Inheritance (or, possession) occurs fifty times in the book of Joshua, and everyone of them, except for five (11:23; 23:4; 24:28,30,32), occur in chapters 12-21. Further, the verb “to possess or inherit” occurs nine times in Joshua, eight times in Joshua 13-21. So, fifty-three of the fifty-nine occurrences of this word group occur in Joshua 13-21 That is a fairly solid clue to the book’s major emphasis in its second half (and all but two occurrences are found in Joshua 13-24).
The first half of Joshua narrates the entrance of Israel into the land of Canaan and the successful northern and southern military campaigns that secured the land for Israel (at least much of it). The final line of chapter eleven signals the end of the “conquest” (at least in terms of major offensives): “And the land had rest from war.” Chapter twelve recounts the victories.
The last verse of Joshua 11, however, also introduces us to the major theme of Joshua 13-21.
So Joshua took the whole land, according to all that the Lord had spoken to Moses; and Joshua gave it for an inheritance to Israel according to their tribal allotments. And the land had rest from war.
Two ideas in this conclusion to the first half of Joshua are particularly significant for the theology of Joshua in the second half of the book, and they are intertwined.
First, “the land had rest from war” (also Joshua 14:15). This theme extends into Judges both positively (3:11, 30; 5:31; 8:28) and negatively (18:7, 18). In the former, God gives Israel “rest” through liberating them from oppressors. In the latter, the Danites slaughter a peaceful, quiet (“rest”) town for their own selfish ends; they seize what does not belong to their “inheritance.”
“Rest” appears in the Chronicler’s history. It is what God gives to Israel when they seek Yahweh (cf 2 Chronicles 14:1, 5-6; 20:30; 23:21). In those days of “rest,” there was “no war” (2 Chronicles 14:5).
“Rest” reappears in the prophets as part of the promises of God. The righteous will rest, but the wicked will not (Isaiah 14:7; 30:15; 32:17; 57:20). Ultimately, God’s people will find rest in the land once again without fear (Jeremiah 30:10; 46:27). Both Isaiah and Micah see a time when the nations will learn war no more, the earth will be at peace, and no one will be afraid (Isaiah 2; Micah 4).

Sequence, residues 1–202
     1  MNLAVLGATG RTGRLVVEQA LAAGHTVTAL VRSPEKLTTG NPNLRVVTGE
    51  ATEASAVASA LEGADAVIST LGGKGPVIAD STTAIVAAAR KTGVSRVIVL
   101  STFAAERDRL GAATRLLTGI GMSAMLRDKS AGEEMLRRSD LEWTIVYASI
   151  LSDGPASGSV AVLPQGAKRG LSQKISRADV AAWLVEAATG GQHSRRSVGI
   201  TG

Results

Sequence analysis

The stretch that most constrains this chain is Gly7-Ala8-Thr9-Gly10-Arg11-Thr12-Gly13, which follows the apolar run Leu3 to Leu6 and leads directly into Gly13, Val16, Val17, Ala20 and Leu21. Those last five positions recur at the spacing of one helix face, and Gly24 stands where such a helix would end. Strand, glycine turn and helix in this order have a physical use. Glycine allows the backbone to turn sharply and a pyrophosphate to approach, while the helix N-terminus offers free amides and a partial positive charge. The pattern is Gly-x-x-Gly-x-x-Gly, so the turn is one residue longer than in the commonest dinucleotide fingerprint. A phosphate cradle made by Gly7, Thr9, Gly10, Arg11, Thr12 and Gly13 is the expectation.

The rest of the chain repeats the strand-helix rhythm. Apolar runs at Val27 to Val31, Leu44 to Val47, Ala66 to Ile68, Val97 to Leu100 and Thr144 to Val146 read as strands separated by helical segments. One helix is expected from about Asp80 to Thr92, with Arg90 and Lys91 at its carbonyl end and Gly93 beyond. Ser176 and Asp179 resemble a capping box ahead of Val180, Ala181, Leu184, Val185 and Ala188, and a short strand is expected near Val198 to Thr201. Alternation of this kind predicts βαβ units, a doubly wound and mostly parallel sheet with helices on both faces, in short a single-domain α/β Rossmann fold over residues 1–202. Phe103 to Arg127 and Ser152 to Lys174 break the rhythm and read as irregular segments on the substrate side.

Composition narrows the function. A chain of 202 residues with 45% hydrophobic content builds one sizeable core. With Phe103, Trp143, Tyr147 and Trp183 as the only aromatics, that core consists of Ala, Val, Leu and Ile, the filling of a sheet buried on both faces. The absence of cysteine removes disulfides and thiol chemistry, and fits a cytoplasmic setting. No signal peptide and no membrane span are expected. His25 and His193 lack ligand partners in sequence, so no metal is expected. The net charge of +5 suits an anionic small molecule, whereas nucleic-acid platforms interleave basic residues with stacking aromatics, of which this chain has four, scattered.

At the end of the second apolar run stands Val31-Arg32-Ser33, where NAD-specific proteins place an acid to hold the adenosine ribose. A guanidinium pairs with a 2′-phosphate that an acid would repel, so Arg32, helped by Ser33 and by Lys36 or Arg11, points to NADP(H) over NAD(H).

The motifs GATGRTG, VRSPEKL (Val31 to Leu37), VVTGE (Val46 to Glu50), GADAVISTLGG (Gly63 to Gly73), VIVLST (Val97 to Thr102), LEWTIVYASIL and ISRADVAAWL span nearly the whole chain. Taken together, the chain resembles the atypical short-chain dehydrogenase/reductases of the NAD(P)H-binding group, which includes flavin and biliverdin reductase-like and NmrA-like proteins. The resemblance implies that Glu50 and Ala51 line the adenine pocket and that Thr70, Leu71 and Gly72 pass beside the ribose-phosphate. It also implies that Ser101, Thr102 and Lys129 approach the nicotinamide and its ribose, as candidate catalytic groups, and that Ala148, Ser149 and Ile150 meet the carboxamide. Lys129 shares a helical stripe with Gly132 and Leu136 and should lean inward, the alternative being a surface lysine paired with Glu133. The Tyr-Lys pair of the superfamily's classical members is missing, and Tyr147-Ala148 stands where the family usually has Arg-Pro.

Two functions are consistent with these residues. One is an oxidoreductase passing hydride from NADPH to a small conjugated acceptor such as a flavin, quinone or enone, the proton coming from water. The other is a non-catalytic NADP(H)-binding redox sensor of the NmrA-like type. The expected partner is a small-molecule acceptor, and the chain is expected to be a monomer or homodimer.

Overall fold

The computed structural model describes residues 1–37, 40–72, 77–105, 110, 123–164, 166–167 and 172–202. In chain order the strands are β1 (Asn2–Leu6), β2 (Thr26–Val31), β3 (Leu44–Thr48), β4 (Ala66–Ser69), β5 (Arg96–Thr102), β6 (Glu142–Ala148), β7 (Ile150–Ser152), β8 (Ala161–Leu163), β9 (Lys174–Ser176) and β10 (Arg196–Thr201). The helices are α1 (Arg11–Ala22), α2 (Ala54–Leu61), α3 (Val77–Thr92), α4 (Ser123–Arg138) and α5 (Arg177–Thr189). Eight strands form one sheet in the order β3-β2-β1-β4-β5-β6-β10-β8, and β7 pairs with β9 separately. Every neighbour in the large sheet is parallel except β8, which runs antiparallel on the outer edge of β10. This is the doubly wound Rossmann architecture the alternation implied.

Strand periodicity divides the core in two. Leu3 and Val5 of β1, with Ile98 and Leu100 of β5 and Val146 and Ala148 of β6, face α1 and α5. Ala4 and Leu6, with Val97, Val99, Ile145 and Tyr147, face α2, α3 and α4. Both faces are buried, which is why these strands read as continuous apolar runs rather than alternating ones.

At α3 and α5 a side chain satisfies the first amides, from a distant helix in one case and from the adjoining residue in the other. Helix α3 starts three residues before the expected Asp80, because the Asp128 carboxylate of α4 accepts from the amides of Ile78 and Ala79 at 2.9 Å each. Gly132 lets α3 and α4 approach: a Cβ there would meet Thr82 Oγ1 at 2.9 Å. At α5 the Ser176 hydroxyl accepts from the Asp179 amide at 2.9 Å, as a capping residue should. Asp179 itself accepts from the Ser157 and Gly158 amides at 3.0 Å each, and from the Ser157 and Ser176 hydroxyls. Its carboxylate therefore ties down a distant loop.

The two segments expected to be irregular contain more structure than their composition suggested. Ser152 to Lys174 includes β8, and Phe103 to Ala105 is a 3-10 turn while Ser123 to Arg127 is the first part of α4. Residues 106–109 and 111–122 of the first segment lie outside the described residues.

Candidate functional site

The “rest” that God intended for Israel in Canaan is also the rest that God intends for all nations. God created the heavens and the earth for peace rather than war; it was for “rest” rather than chaos. God created and rested; God created and dwelt with humanity. The heavens and the earth are God’s home (Isaiah 66:1-2), and it is given to humanity as a “rest.” Chaos, sin, and the rule of the principalities and powers subvert God’s intent, but there yet remains a “rest” for the people of God (Hebrews 4:4, 8, 10).
Second, God gave the “land for an inheritance to Israel.” Joshua 11:23 is the first time the noun appears in Joshua. The land is Israel’s inheritance (cf. Numbers 34:2; Deuteronomy 4:21, 38; 15:4; 19:10; 20:16; 21:23; 24:4; 25:19; 26:1; Psalm 105:11; 136:21-22), just as Israel itself is God’s own “inheritance” (possession; Deuteronomy 4:20; 9:26, 29; 1 Samuel 10:1; 1 Kings 8:51-53). God gives Israel (God’s own inheritance) an inheritance.
Joshua 14:2-3 summarizes the division of the land:
Their inheritance was by lot, as the Lord had commanded Moses for the nine and one-half tribes. For Moses had given an inheritance to the two and one-half tribes beyond the Jordan; but to the Levites he gave no inheritance among them.
Joshua 19 is peppered with this line: “This is the inheritance of the tribe….” Forty-five times in Joshua 13-21 the writer, by the use of this term, stresses the theological meaning of this moment. Israel’s possession of the land is an inheritance from Yahweh.
This language has both creational and eschatological meaning. God’s gift of the land to Israel is analogous to God’s creation of the earth. God gave the cosmos to Adam and Eve, and “placed” (rested; Genesis 2:15) them in the Garden to serve and protect it (which is a priestly task). Adam and Eve were priests in God’s temple, God’s home. This was God’s inheritance for humanity. God created humanity so that it might reign with God within the creation–to live within the creation as God’s partner in the cosmos.
This is eschatological as well since the new heaven and new earth are what God creates as an inheritance for redeemed humanity. What Israel inherited in the book of Joshua is a type of the inheritance that God will give to humanity. A day is coming when not only Israel is the “heritage” of God, but also Egypt and Assyria are God’s people and the work of God’s hands (Isaiah 19:25). A day is coming when the meek will inherit the earth (Matthew 5:5).
God gives the land, and God gives rest. At the same time, Israel was an active agent in the process by which the land came to rest from its wars. Israel defeated many kings (Joshua 12), but there was yet much of the land that Israel had not yet taken possession of (Joshua 13). Israel was engaged in a process of clearing the land; a process of eliminating (subduing) the chaos (Joshua 18:1).